The no-confidence motion filed by the pro-EU Party of Action and Solidarity (PAS) and Dignity and Truth Platform Party (PPDA) was supported by only 46 of the 101 MPs on July 20, therefore, the government of Prime Minister Ion Chicu remained in office.
Chicu, formerly an adviser to President Igor Dodon, was appointed last November after the pro-EU parties were pushed out of the ruling coalition by Dodon’s Socialists helped by the Democratic Party (PDM), formerly headed by fugitive businessman/political leader Vlad Plahotniuc. The PDM, which unconvincingly claims no ties with Plahotniuc now, said before the no-confidence motion that it would join the pro-EU parties to form a new majority, but the negotiations stalled.
The no-confidence motion was supported, besides the pro-EU opposition parties, by the two political vehicles that are more or less openly controlled by Plahotniuc (Pro Moldova) and fellow fugitive businessmen and politician Ilan Shor (Sor Party).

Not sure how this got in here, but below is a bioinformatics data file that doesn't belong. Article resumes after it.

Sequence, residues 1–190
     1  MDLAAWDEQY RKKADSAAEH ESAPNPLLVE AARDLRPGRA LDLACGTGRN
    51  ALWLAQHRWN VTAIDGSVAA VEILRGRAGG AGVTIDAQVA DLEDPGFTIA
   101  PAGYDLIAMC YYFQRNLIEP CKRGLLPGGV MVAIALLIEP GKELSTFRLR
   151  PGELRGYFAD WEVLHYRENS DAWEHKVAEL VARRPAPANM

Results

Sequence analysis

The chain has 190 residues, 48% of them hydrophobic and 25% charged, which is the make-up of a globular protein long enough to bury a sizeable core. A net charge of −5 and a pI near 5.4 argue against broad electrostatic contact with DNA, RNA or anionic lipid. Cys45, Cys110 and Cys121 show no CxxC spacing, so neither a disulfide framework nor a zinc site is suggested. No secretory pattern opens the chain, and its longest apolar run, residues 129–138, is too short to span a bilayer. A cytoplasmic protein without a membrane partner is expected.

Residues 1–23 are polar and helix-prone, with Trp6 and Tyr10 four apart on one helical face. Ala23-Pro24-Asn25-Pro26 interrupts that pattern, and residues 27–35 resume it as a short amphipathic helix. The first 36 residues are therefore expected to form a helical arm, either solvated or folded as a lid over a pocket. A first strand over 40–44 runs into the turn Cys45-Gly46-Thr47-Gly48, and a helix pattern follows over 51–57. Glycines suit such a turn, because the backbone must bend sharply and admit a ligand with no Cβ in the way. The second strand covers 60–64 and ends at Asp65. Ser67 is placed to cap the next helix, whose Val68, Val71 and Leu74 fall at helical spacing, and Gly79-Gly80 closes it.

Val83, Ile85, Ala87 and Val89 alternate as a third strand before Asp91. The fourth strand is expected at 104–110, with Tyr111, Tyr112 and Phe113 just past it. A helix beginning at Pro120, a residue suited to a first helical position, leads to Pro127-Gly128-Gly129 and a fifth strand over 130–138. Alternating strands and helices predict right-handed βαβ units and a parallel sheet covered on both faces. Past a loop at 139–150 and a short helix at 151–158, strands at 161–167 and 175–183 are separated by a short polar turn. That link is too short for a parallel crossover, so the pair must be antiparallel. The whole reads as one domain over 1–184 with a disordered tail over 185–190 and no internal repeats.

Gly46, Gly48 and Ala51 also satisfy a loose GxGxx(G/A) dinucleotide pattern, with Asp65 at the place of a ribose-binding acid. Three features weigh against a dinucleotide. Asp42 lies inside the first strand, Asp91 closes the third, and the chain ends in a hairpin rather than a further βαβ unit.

The text of the motion refers to "poor management of the socio-economic crisis, the government's attitude towards the media, the executive’s foreign policy actions and its attempts to interfere in the judiciary."
After the vote in parliament, Dodon — the political sponsor of the government — invited the PAS and PPDA (his ruling partners for nearly half a year starting last summer) to talks aimed at reaching an agreement to consolidate the fragile support enjoyed by the executive in parliament. The coalition of two ruling parties has 50 MPs in the 101-seat parliament, while an independent MP backs the government, securing a certain stability.
However, the pro-EU parties announced plans for another no-confidence motion to be filed during a possible extraordinary session of the legislative body in August. Technically, the parties that supported the motion on July 20 can call such an extraordinary session, but the outcome of the vote remains uncertain.
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